Annotated Bibliography of Mutinies: Julian Putkowski has kindly provided an annotated bibliography of books written in English that are commonly cited sources of information about mutinies which have occurred in the British Army during the past hundred years.

  • P. Adam-Smith, The Anzacs: The True Story of the Young Men Who Went to Gallipoli, Thomas Nelson, Melbourne 1978, a nostalgic nationalist perspective, includes brief account of September 1918 mutiny by ANZAC troops.
  • William Allison and John Fairley, The Monocled Mutineer, Quartet Books, London 1978, an overblown account of the 1917 Etaples Mutiny and biography of a rapist, thief and murderer.
  • T. Ashworth, Trench Warfare 1914–1918: The Live and Let Live System, Macmillan, London 1980, a scholarly analysis of trench warfare focussing on non-aggression, fraternisation and the ‘quiet front’.
  • Anthony Babington, The Devil to Pay: The Mutiny of the Connaught Rangers, India, July 1921, Leo Cooper, London 1991, a comprehensive account of the mutiny in 1920 of the Connaught Rangers at Jullunder in the Punjab on hearing of the execution of the leaders of the 1916 Easter Uprising, but generally unsympathetic to the mutineers.
  • A. Baxter, We Will Not Cease, Victor Gollancz, London 1939, an autobiography of an NZ ‘conchie’, details army punishments in France and Flanders during the First World War.
  • I.F.W. Beckett (ed.), The Army and the Curragh Incident 1914, Army Historical Society, London 1986, a collection of primary documents relating to mutinous subversion by officers.
  • D. Birmingham, et al. (eds.), World War 1 and Africa, Journal of African History, Volume 21, no. 1, 1978, scholarly essays, some referring to mutinous action by African soldiers and military labourers.
  • N. Boyack, Behind the Lines: The Lives of New Zealand Soldiers in the First World War, Allen and Unwin, Wellington 1989, a critical account of NZ troops, includes references to mutinies and ill-discipline, fully referenced.
  • R. Boyes, In Glass Houses: A History of the Military Provost Staff Corps, Military Provost Staff Corps Association, Colchester 1988, ill-written, poorly edited and over-defensive, but useful for references to revolts by military prisoners.
  • M. Brown and S. Seaton, The Christmas Truce: The Western Front, December 1914, Leo Cooper, London 1984, 1994, empiricist, explicitly rejects Marxist interpretations, but good narratives and well referenced.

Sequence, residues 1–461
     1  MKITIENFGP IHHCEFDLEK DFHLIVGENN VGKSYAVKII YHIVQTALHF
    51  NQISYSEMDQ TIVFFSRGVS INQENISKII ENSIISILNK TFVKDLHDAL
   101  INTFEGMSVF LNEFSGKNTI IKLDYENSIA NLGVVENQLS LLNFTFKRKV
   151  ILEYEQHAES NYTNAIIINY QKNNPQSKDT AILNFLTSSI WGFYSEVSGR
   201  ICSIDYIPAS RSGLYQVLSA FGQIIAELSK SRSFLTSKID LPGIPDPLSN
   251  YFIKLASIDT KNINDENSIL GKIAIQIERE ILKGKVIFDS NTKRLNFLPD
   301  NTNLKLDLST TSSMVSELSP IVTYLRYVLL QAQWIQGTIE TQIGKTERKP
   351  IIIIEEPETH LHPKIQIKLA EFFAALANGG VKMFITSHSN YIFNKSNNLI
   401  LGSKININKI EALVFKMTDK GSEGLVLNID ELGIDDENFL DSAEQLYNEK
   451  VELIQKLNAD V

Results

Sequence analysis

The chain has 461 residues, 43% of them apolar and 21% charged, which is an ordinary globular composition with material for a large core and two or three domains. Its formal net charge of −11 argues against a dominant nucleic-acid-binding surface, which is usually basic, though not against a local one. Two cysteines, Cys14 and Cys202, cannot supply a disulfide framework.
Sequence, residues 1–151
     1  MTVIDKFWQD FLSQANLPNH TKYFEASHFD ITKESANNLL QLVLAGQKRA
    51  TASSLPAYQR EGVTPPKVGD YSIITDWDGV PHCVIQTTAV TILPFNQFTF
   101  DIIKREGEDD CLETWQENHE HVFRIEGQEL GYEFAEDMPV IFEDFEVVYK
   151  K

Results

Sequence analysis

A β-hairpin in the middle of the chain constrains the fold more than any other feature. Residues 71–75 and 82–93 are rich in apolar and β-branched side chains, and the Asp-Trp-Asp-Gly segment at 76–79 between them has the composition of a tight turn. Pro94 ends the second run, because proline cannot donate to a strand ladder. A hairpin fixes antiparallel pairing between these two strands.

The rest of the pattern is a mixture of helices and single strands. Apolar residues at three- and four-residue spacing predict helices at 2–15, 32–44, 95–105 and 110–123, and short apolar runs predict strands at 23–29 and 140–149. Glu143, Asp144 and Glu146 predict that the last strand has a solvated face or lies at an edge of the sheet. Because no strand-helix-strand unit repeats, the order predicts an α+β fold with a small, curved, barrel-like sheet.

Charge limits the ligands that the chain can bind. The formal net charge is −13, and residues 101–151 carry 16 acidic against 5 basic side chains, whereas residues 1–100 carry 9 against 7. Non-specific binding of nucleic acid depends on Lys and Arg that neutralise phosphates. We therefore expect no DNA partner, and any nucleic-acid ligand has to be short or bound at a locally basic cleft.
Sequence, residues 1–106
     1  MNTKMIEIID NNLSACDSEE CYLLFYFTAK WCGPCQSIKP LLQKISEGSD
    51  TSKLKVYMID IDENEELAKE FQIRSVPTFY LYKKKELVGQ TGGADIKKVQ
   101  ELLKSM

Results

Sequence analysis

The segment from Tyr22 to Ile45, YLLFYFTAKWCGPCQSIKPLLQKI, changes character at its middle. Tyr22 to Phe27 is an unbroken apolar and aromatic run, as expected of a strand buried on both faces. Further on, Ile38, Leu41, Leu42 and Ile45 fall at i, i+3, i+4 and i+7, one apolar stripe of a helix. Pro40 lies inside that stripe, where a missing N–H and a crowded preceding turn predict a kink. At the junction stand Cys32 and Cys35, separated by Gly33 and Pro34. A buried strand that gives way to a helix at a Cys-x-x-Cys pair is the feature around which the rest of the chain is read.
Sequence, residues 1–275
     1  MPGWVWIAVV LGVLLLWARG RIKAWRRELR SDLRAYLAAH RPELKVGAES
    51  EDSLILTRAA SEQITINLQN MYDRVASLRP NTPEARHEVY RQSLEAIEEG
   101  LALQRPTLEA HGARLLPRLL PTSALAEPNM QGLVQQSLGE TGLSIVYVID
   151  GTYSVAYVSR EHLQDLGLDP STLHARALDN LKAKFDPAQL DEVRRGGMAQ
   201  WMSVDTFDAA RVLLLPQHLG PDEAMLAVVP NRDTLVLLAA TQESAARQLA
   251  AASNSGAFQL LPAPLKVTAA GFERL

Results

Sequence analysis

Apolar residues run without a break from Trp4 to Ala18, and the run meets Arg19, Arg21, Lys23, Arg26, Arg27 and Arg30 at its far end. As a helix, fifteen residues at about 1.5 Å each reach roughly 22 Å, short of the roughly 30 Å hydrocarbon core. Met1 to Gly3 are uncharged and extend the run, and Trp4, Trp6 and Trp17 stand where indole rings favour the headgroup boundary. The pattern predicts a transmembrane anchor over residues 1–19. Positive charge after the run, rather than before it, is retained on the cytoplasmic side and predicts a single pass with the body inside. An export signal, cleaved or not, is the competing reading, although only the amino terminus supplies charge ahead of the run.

• S. Brugger, Australians and Egypt 1914–1919, Melbourne University Press, Carlton 1980, includes references to ‘Wazza’ pogroms, good bibliography.
  • C. Corns and John Hughes Wilson, British Military Executions in the Great War, Cassell, London 2001, includes chapter on mutinies, makes use of material in Putkowski, 1998, to advance a conservative view of military dissent; politically reactionary, unoriginal, sloppy annotation, shoddy index.
  • Dallas Gloden and Douglas Gill, The Unknown Army: Mutinies in the British Army in World War 1, Verso, London 1985, a scholarly political appraisal, sympathetic to mutineers, well referenced, good bibliography.
  • David Duncan, Mutiny in the RAF: The Air Force Strikes of 1946, Socialist History Society, Occasional Papers Series: No. 8 (also available online: http://www.uea.ac.uk/~v655/shs/duncancontents.htm), 1998, brief, stimulating accounts by one of the Drigh Road RAF mutineers.
  • K.D. Ewing and C.A. Gearty, The Struggle for Civil Liberties: Political Freedom and the Rule of Law in Britain 1914–1945, OUP, Oxford 2000, a scholarly work that includes prosecution of the CPGB for incitement to mutiny.
  • J. Fergusson, The Curragh Incident, Faber and Faber, London, 1964, the officers’ mutiny.
  • J.G. Fuller, Troop Morale and Popular Culture in the British and Dominion Armies 1914–1918, OUP, Oxford, 1991, concerns sport and leisure, refers to officers, ill-merited self-esteem, mutinies viewed as insignificant.
  • B. Gammage, The Broken Years: Australian Soldiers in the Great War, ANUP, Canberra 1974, refers to the 1915 anti-Egyptian pogroms and September 1918 mutinies.
  • D. Gill and Julian Putkowski, The British Base Camp at Etaples 1914–1918, Musée Quentovic, Etaples sur Mer, 1997, includes a brief account of the 1917 mutiny, dismisses the ‘Monocled Mutineer’ thesis.
  • B. Glenton, Mutiny in Force X, Hodder and Stoughton, London 1988, Second World War.